Teaching for Learning Policy and Curriculum Statement
West Dean C.E. Primary Curriculum Policy Statement
This curriculum policy statement is under review following the disruption of the pandemic and the current headteacher’s impending retirement.
Throughout the partial school closure, the school and national curriculums were used as guidelines to secure the best learning possible in the circumstances. Children in school followed the same learning plans as those pupils who were being home educated. Despite best efforts of staff, pupils and their parents, the learning has been fragmented and we perceive a need to reunite classes and the whole school in learning.
Thus, the curriculum for the return to school in Autumn 2020 was planned separately as a whole school topic on trees, and growth. The whole school visited the arboretum in West Dean gardens and celebrated nature, learning and our school community. Each class used this ‘topic’ as a stimulus for the learning journey, adapting and interpreting it to act as a vehicle and purpose for reading, writing, maths and other curricular areas. Coverage previously planned for each year group was adapted as we assessed children’s needs and began to plan a return to our curriculum.
Through the second partial closure in Spring 2021, the learning moved from our website class pages to the Google Classrooms, which enabled staff to develop home learning further. Staff are quite rightly proud of the quality of leanring and the bespoke approach, which benefited so many children. Upon our return to full opening on March 8th 2021, we saw some fragmentation and disparity in learning experiences, despite the school’s best endeavours to support the vulnerable and stretch pupils in their learning.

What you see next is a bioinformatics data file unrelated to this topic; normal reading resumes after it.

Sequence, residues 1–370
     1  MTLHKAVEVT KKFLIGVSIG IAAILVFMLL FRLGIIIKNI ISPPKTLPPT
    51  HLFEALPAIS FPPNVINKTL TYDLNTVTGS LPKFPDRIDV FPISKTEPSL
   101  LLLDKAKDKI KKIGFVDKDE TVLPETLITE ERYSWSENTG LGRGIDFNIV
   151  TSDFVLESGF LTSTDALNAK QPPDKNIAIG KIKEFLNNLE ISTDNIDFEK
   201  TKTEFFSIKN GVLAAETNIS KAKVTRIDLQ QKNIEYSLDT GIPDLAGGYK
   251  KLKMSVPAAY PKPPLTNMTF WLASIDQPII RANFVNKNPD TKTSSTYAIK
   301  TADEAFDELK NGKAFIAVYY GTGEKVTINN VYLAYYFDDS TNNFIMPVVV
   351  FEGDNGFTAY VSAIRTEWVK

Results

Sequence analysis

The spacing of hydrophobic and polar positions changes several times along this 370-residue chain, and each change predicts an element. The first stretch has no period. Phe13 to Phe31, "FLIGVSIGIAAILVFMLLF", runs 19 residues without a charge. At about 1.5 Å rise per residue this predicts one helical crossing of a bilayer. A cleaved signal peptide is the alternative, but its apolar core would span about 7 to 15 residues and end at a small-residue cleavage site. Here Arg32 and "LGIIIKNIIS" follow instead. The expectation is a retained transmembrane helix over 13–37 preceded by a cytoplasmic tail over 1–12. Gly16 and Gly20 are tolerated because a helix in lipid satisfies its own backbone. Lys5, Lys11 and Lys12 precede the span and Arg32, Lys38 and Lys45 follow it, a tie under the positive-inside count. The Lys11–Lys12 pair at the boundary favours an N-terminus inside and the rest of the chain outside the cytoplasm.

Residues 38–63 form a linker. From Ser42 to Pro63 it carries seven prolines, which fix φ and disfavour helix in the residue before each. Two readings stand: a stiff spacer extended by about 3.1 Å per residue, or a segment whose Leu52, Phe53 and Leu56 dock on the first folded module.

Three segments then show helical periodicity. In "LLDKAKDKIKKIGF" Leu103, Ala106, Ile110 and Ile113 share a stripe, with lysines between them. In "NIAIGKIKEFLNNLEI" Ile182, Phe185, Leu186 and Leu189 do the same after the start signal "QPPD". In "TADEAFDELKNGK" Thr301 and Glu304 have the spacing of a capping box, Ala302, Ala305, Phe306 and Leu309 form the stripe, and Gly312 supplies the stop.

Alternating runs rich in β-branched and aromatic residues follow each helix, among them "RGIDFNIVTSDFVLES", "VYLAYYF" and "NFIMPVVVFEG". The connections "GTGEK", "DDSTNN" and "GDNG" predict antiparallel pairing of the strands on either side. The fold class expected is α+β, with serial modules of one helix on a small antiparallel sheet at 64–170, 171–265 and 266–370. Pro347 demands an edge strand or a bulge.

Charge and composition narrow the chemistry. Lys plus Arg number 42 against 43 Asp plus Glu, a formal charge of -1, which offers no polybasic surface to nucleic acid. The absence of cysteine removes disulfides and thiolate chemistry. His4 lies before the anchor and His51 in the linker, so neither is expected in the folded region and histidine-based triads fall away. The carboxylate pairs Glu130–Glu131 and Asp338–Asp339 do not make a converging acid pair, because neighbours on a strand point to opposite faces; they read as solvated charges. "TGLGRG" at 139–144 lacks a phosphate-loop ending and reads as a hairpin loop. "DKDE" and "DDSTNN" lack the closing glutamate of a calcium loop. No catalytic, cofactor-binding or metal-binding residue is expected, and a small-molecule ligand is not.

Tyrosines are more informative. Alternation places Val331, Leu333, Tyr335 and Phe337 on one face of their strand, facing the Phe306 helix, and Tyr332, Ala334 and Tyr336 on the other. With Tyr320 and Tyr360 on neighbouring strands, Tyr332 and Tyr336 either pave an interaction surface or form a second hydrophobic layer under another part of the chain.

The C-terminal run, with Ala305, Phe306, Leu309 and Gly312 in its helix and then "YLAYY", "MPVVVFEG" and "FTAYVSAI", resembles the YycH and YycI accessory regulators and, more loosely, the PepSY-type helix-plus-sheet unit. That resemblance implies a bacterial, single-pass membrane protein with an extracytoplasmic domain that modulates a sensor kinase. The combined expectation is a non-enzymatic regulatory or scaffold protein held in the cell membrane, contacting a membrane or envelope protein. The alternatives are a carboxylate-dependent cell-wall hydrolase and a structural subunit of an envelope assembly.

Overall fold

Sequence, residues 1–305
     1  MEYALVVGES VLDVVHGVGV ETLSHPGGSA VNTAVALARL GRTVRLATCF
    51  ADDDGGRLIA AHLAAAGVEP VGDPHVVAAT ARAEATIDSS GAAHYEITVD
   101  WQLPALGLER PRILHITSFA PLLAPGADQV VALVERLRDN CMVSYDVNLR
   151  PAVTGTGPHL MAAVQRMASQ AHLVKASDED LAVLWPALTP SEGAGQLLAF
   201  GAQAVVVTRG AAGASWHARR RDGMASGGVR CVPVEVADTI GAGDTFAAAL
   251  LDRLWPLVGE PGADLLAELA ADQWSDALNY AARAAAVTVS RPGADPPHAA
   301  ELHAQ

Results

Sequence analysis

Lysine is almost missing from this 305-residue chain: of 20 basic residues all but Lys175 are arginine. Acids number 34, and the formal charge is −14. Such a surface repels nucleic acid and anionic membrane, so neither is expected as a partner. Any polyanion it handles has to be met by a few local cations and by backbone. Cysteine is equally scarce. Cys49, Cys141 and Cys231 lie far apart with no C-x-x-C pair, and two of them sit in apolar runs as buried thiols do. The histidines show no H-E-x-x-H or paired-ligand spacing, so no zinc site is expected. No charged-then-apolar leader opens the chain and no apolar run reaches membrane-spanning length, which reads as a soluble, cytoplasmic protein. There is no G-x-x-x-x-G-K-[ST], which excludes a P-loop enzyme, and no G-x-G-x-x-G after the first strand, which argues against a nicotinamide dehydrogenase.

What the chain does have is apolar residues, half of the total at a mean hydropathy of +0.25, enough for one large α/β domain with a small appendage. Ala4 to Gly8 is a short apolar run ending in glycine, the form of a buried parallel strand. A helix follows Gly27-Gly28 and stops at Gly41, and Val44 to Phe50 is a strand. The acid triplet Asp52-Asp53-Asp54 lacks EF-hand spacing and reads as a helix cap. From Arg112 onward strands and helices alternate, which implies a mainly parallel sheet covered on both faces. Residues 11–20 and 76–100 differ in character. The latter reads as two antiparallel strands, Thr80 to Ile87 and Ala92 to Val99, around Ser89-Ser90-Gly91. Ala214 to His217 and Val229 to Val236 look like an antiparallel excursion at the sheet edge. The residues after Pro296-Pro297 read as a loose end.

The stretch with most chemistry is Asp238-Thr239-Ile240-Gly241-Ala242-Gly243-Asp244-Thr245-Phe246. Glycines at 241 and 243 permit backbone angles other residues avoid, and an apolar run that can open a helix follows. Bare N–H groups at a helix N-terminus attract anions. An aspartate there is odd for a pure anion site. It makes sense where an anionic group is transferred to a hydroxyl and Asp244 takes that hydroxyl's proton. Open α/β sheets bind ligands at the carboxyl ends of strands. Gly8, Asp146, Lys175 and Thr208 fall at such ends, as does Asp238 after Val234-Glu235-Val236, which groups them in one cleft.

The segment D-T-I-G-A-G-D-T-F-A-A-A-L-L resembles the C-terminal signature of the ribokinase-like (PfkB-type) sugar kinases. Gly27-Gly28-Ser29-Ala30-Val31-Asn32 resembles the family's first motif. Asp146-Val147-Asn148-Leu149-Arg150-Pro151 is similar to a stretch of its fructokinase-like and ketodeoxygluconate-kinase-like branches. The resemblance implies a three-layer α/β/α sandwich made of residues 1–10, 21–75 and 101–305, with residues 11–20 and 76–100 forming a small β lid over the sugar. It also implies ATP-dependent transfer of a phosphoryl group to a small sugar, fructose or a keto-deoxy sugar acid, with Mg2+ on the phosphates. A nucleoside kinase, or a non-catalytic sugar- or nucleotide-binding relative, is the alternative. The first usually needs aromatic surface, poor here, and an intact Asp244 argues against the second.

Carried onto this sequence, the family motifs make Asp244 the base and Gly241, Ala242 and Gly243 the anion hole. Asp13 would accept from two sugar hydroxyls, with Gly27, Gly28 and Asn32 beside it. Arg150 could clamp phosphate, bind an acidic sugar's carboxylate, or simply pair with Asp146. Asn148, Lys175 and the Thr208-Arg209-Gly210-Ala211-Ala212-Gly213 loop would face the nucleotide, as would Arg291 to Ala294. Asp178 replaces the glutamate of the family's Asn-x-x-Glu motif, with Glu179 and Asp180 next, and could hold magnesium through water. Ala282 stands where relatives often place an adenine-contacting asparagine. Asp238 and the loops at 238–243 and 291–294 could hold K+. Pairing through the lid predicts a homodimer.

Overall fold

The initial four weeks before Easter were a vital time to reunite the school community and rebuild our learning behaviours (please refer to the parents’ section of the website for more information on this). As the school does not use a ‘bought in’ curriculum, staff were able to adapt and design outstanding learning, where the whole school focused on:
Week 1 – Book Week – including World Book Day activities – a huge focus on reading for pleasure and meaning, whilst refreshing our writing skills.
Week 2 – Let’s Count – The National Census – this was used as a vehicle for a focus on counting, the number system and reviewing calculations.
Week 3 – Science and Technology Week – the outdoors were used widely for work on pulleys, and children designed and made windmills to irrigate African crops or learnt about DNA and growing.
Week 4 – Throughout Easter week, children learnt about Christianity and applied their learning in other subject areas.
Throughout this return to full opening, children were enabled to access learning through open ended learning with short burst activities to build stamina and support children in developing their independence and resilience once again. Our focus on mental health, and appropriate support and challenge, as staff assessed progress, gaps and needs, has resulted in a very positive return to learning. The creative nature of our school’s curriculum enables staff to respond to local and national opportunities, cater for children’s needs and interests and respond to the external impact of a pandemic.
The school will now devote itself to identifying gaps in coverage for individuals and groups, and to reviewing the curriculum to fulfil the needs as the nation recovers from the year’s disruption.
The following document is up to date (March 2021) but will be reviewed alongside the Teaching for Learning Policy in 2021/2.